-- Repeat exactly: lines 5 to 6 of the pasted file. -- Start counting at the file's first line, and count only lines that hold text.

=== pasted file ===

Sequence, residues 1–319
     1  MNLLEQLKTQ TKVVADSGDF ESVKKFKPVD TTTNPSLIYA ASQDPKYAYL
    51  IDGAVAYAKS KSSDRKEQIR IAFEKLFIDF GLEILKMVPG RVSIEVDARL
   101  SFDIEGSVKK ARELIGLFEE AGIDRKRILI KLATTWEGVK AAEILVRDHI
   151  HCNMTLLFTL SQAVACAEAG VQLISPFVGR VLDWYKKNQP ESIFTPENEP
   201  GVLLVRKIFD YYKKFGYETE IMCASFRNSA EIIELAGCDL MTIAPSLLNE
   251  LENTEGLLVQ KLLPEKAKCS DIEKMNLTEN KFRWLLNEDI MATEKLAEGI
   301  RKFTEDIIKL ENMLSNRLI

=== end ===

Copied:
   151  HCNMTLLFTL SQAVACAEAG VQLISPFVGR VLDWYKKNQP ESIFTPENEP
   201  GVLLVRKIFD YYKKFGYETE IMCASFRNSA EIIELAGCDL MTIAPSLLNE